The Guys Who Grow Glass Gardens

Onesis Castillo arrives carefully carrying a cactus, and Gilberto Gonzalez holds open the plate-glass door of Crystal Gardens to let him in.

Crystal Gardens is small and Broadway is big, so you’d think you’d be likely to miss it. Except that you can’t.

Gilberto and Onesis won’t let you.


Photo by Nancy A. Ruhling
Crystal Gardens is at 31-18 Broadway.

It is they who make the miniature fantasylands populated with cacti and cute critters.

Hanging in the window, the glass globes shine in the sunlight and shimmer in the streetlight.

They put some of them on the sidewalk, where you can’t not look.

This is more necessity than marketing: If Gilberto and Onesis are standing in Crystal Gardens at the same time, there’s no room for a customer.


Photo by Nancy A. Ruhling
Gilberto is from Mexico.

As they start arranging the street displays, a little girl in a pink dress, followed by a frowning mother, runs up to a terrarium and squats beside it, putting her nose to the glittering glass.

A young couple, holding hands, admires the orange flowers of a cactus sprouting from a horn while another woman falls for a yellow rose in a hanging ball.

Gilberto, built like a bull, and Onesis, who moves like a weeping willow tree in the wind, opened Crystal Gardens a year and a half ago in a small-scale space that used to be occupied by a florist.


Photo by Nancy A. Ruhling
Crystal Gardens is attached to a grocery.

Its sign is hand-lettered (it includes their cell numbers), and its hours (Thursdays through Sundays, noon to 9 p.m.) are sandwiched between their day jobs.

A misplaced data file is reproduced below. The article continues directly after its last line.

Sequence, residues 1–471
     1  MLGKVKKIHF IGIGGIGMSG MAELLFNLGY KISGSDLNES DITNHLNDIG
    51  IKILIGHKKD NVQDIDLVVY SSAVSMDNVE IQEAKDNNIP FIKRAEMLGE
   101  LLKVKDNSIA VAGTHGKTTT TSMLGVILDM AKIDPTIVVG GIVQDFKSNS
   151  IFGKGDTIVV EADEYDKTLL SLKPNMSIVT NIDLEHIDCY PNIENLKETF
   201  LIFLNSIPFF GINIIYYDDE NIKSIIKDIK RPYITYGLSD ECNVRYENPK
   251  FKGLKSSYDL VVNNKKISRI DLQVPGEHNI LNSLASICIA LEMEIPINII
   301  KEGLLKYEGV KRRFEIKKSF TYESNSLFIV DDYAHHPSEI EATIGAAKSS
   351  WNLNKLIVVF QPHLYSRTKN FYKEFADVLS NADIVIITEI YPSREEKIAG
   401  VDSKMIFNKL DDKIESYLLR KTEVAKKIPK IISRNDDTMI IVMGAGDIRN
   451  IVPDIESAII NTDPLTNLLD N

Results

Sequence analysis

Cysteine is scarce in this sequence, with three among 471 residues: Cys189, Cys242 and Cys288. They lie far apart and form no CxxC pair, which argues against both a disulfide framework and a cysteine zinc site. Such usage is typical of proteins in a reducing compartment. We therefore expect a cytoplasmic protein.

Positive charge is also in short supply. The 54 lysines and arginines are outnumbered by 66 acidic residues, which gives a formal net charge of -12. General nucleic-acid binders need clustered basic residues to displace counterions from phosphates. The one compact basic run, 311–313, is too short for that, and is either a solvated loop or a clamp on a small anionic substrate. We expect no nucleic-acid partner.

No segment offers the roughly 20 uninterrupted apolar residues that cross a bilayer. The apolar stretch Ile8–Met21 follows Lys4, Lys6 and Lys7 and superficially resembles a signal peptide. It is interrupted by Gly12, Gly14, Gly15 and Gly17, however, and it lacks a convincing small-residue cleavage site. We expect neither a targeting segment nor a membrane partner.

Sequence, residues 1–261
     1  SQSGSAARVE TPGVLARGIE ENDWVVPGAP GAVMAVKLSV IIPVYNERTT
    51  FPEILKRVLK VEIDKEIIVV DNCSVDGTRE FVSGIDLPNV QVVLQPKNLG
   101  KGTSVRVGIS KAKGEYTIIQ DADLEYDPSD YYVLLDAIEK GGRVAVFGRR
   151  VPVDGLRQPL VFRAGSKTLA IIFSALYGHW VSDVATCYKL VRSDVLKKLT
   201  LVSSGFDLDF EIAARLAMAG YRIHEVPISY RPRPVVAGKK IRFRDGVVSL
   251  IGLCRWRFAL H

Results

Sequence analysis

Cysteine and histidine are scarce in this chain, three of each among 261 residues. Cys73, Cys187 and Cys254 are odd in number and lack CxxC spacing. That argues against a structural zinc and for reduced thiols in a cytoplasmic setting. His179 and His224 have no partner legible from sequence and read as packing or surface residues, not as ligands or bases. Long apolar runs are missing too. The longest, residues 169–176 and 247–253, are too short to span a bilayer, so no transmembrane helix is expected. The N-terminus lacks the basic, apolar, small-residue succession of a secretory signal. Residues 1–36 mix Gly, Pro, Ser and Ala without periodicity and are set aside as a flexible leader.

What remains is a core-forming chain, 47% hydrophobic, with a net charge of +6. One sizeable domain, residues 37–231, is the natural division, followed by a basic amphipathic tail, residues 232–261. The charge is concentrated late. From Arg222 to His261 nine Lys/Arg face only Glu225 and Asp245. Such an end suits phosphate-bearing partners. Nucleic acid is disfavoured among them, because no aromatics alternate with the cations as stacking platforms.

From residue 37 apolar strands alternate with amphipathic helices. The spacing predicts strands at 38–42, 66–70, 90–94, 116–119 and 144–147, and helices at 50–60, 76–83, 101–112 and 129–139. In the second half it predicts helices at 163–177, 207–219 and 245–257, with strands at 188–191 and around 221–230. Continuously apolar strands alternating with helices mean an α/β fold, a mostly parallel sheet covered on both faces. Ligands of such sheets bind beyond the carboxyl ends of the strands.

Gilberto, who is from Mexico, came to New York to be an actor. He never took any acting lessons in Puebla, where he was born, or in Mexico City, where he moved when he was 11.

But his passion persisted, and by 17, he was in Manhattan, taking classes here and there and picking up little then big parts, most of them in Spanish-language productions.


Photo by Nancy A. Ruhling
Onesis grew up in the Dominican Republic.

“It’s beautiful to create a character who has different feelings and ideas,” he says. “You give life to your spirit because you are using your body and instruments.”

To pay the bills, he worked as a chef at the Film Center Café. It was the longest role of his career: When it closed in 2011, he had 17 years under his toque blanche.


Photo by Nancy A. Ruhling
A cactus grows in a crystal garden.

Now, he works three days a week as a restaurant cook. His acting career is on hold, but he still rehearses with a coach once a week.

Like Gilberto, Onesis wasted no time in coming to New York. As soon as he graduated from high school, he left his home in Baní in the Dominican Republic.

His goal wasn’t as concrete as Gilberto’s. He loves art and dancing and fancied he would do something in those fields.


Photo by Nancy A. Ruhling
Onesis tends the gardens.

At first, he worked in bodegas, then restaurants. Now, he has two part-time jobs — one at a restaurant, the other at an optical shop.

They met at a charity event a week after Onesis’ arrival and have been inseparable ever since.


Photo by Nancy A. Ruhling
An exotic accent.

As their relationship grew, so did Crystal Gardens.

“We started with a bowl,” Gilberto says. “We put flowers in it then live plants and a rock. As the story got more complex, we added an animal.”


Photo by Nancy A. Ruhling
Love at first sight.

When their ideas became bigger than their apartment, which is a couple of blocks away, they opened Crystal Gardens.

“In each one, I put my story,” says Gilberto, who is 42. “It’s what I feel at the moment.”

“We kept creating ideas,” says Onesis, who is 26. “We don’t know how it happened.”


Photo by Nancy A. Ruhling
Each garden has a story.

Adds Gilberto, “We believe in the muse.”

Do you want to go to the beach? Kick off your shoes and dip your toes into the water-blue sand of the tropical terrarium that features a trio of cacti and an umbrella-shaded patio table with seating for two.

How about the moon? Follow the tiny suited-up astronaut who’s trekking through the planet’s gigantic white rocks.


Photo by Nancy A. Ruhling
They want to expand Crystal Gardens.

Gilberto and Onesis hope that their creations bring as much joy to their customers as they do to them.

Someday, and they would like to believe it will be soon, Gilberto and Onesis will expand Crystal Gardens.

For now, though, it just seems right to sell miniature gardens in a miniature shop.

Nancy A. Ruhling may be reached at; nruhling on Instagram.
Copyright 2015 by Nancy A. Ruhling